SAN FRANCISCO (CN) – Starting this April, the more than 1 million Californians who renew their driver’s licenses by mail each year will be able to register to vote using one form under the terms of a new settlement agreement.
The settlement reached Jan. 10 ends eight months of litigation over California’s alleged violations of the National Voting Rights Act of 1993.
The League of Women Voters and three other groups sued the state’s Department of Motor Vehicles and Secretary of State’s Office in May 2017, claiming the state burdens would-be voters by making them fill out the same information on two separate forms to register to vote.
“We are very pleased that Californians will have easier access to voter registration,” said Jeremiah Levine, an attorney with Morrison Foerster who represented the voting rights groups. “We are especially satisfied that changes will be made before California’s statewide and federal primary elections.”
The state agreed to roll out a new program that will automatically register driver’s license applicants to vote unless they opt out. The program is part of AB 1461, dubbed the California New Motor Voter Act. Signed into law in October 2015, the new statute requires the DMV to forward records for all eligible applicants to the Secretary of State’s Office for registration unless those applicants elect not to register to vote.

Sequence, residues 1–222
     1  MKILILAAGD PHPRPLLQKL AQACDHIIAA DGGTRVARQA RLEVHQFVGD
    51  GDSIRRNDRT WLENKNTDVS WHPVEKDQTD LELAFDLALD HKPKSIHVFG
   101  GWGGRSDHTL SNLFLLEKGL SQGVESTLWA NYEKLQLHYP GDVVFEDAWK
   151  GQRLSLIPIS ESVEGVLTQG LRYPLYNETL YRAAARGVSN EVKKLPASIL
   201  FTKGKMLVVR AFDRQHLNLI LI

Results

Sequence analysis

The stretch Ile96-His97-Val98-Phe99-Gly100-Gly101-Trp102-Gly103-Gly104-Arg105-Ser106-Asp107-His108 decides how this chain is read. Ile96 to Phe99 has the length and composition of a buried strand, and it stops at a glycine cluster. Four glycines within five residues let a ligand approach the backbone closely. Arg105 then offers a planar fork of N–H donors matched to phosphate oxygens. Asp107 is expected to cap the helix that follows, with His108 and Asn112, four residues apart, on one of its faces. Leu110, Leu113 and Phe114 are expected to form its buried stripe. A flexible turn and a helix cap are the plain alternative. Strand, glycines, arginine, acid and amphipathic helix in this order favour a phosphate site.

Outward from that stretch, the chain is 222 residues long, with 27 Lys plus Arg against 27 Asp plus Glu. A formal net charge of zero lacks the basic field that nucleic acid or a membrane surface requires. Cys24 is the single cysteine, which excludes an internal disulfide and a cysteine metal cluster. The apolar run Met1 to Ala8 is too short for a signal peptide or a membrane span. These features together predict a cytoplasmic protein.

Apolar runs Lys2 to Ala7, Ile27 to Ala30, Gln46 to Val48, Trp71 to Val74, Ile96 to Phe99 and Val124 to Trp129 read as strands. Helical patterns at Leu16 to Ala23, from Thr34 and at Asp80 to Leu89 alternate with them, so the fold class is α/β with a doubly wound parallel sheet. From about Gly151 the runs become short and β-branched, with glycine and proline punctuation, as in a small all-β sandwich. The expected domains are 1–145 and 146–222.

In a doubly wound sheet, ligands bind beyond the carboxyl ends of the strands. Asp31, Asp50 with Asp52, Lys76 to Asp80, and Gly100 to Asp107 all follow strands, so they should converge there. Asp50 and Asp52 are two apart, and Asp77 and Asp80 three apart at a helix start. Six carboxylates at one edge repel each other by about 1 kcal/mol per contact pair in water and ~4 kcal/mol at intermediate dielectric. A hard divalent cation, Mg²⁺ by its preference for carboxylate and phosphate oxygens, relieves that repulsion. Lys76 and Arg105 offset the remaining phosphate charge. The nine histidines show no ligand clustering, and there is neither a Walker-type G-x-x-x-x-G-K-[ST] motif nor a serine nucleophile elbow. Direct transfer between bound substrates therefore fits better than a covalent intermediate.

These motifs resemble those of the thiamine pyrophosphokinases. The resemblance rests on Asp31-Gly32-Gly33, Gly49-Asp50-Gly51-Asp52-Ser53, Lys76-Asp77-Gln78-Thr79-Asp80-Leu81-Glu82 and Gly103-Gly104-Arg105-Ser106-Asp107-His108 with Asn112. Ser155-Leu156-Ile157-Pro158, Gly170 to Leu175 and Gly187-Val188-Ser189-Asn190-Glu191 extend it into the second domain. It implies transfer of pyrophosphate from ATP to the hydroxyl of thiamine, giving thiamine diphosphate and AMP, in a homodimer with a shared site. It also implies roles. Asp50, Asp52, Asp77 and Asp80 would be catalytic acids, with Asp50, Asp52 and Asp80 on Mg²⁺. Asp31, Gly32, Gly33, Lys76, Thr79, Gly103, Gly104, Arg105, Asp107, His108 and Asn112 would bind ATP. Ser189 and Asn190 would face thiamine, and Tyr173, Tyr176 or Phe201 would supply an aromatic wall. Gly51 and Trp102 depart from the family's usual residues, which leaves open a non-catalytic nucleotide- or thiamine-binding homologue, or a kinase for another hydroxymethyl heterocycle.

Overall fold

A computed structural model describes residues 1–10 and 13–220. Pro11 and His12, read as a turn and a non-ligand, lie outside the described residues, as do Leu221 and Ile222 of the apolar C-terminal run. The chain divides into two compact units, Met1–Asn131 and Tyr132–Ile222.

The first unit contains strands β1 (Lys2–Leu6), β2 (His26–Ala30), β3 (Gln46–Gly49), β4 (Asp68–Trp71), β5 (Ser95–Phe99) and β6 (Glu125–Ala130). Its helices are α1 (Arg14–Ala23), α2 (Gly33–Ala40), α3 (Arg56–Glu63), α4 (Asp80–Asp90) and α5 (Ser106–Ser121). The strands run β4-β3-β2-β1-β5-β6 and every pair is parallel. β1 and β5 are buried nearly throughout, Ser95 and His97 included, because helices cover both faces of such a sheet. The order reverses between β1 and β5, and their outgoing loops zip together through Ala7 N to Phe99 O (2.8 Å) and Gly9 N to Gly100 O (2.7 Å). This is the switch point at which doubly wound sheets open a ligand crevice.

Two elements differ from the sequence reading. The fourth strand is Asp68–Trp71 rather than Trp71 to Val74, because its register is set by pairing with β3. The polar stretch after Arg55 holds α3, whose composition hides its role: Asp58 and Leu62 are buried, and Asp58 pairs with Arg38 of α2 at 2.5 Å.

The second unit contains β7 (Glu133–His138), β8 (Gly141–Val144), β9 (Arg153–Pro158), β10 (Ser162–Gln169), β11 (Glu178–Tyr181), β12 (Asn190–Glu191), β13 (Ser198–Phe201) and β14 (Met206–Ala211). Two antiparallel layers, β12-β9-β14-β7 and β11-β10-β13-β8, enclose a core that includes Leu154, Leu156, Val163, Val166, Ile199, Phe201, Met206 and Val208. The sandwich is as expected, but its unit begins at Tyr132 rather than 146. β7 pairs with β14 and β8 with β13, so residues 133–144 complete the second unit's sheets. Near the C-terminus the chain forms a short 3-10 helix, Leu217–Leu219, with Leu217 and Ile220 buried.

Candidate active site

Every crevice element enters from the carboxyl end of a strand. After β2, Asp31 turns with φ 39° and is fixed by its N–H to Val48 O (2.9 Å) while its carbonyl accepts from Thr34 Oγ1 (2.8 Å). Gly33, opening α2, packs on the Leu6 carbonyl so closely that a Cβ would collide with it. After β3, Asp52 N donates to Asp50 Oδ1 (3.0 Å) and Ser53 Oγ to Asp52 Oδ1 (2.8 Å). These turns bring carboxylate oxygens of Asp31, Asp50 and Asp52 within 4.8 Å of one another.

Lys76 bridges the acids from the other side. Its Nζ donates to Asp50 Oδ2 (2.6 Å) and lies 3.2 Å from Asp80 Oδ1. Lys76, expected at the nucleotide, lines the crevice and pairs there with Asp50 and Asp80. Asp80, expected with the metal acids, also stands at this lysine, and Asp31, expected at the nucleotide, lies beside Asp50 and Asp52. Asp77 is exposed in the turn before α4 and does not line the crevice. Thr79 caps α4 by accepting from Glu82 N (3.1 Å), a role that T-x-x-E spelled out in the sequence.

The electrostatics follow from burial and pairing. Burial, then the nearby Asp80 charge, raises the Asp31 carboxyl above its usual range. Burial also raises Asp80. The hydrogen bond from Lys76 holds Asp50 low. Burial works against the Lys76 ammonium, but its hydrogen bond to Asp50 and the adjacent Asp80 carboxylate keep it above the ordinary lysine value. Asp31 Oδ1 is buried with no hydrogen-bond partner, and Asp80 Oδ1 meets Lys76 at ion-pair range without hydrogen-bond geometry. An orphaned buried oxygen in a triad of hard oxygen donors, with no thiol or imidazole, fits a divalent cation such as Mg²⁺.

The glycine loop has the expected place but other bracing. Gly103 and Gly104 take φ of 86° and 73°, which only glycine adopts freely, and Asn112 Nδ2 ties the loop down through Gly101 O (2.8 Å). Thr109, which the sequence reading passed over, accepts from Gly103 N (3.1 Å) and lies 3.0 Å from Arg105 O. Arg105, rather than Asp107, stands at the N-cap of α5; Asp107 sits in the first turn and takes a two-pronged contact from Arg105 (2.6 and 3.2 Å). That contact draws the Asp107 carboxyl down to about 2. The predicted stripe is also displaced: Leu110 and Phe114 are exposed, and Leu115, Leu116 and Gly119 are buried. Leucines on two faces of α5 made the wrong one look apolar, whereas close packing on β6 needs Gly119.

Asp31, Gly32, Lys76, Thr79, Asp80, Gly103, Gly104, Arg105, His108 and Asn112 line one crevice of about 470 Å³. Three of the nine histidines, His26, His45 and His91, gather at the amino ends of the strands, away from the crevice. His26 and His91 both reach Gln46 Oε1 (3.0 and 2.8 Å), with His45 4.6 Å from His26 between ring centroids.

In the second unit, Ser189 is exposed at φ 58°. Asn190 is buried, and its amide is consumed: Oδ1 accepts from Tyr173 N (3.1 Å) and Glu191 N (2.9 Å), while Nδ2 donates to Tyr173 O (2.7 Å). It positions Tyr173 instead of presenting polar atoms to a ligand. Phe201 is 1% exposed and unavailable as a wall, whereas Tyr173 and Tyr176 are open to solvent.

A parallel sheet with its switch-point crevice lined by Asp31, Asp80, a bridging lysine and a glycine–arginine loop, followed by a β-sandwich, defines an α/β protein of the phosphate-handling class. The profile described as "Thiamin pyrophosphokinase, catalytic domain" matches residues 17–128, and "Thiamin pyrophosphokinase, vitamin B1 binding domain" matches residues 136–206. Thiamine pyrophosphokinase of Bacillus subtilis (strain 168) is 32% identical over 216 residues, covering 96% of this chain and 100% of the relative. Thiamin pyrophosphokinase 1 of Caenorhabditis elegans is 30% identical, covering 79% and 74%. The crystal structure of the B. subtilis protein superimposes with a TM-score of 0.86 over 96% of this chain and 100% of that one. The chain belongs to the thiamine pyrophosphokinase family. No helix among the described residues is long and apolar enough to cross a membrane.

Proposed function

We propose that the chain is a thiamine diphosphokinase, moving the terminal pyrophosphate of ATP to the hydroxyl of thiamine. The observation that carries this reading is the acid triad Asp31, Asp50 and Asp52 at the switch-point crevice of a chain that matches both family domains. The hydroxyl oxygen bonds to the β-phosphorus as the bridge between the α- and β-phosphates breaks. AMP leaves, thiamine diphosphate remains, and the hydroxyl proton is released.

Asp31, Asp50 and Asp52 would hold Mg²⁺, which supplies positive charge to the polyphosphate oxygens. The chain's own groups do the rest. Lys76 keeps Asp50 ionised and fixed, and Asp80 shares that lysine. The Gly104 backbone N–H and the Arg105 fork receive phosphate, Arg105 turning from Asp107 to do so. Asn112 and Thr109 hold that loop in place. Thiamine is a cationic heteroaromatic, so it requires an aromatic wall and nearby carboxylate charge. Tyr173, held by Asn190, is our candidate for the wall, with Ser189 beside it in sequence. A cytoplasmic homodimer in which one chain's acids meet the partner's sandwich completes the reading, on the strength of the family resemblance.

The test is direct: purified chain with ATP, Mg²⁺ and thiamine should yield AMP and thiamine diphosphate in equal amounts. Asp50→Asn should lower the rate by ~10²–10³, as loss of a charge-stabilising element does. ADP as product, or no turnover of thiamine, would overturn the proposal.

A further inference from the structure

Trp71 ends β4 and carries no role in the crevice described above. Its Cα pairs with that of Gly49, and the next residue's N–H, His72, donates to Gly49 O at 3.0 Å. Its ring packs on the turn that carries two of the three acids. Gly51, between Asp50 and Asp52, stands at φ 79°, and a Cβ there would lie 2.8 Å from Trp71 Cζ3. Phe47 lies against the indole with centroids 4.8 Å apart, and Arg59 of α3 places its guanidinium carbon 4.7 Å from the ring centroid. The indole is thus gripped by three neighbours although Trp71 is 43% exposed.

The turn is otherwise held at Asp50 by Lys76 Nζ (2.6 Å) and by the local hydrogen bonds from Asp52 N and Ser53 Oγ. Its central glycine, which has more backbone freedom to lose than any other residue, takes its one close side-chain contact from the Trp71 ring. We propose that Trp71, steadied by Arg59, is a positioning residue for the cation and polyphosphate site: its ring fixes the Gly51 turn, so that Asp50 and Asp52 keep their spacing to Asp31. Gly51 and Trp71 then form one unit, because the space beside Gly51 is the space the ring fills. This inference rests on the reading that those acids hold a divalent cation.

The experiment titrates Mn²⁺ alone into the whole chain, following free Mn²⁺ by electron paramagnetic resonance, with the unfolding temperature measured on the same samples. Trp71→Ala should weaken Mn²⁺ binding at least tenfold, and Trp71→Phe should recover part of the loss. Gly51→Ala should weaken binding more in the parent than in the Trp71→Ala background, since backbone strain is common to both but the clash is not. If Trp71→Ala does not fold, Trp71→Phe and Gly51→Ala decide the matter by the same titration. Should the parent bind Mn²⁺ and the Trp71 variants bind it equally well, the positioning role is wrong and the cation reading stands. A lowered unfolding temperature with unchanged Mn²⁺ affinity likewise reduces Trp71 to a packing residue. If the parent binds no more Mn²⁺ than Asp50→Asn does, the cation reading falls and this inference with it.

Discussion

“The League of Woman Voters of California lawsuit was settled last week in which the department agreed to continue implementing AB 1461 (The California New Motor Voter Program) according to our current schedule,” DMV spokeswoman Jessica Gonzalez said in an email.
According to the lawsuit filed last May, California ranks “a dismal 46th in the nation” in its rate of registered voters. More than 5.5 million eligible voters were unregistered as of February 2017, according to state data.
In August 2017, U.S. Magistrate Judge Laurel Beeler refused to dismiss the suit, finding the National Voting Rights Act forbids making driver’s license applicants fill out duplicate information to register to vote.
A representative for the League of Women Voters California did not immediately return a phone call seeking comment Wednesday afternoon.
Other plaintiffs in the lawsuit include the ACCE Institute, California Common Cause, and National Council of La Raza.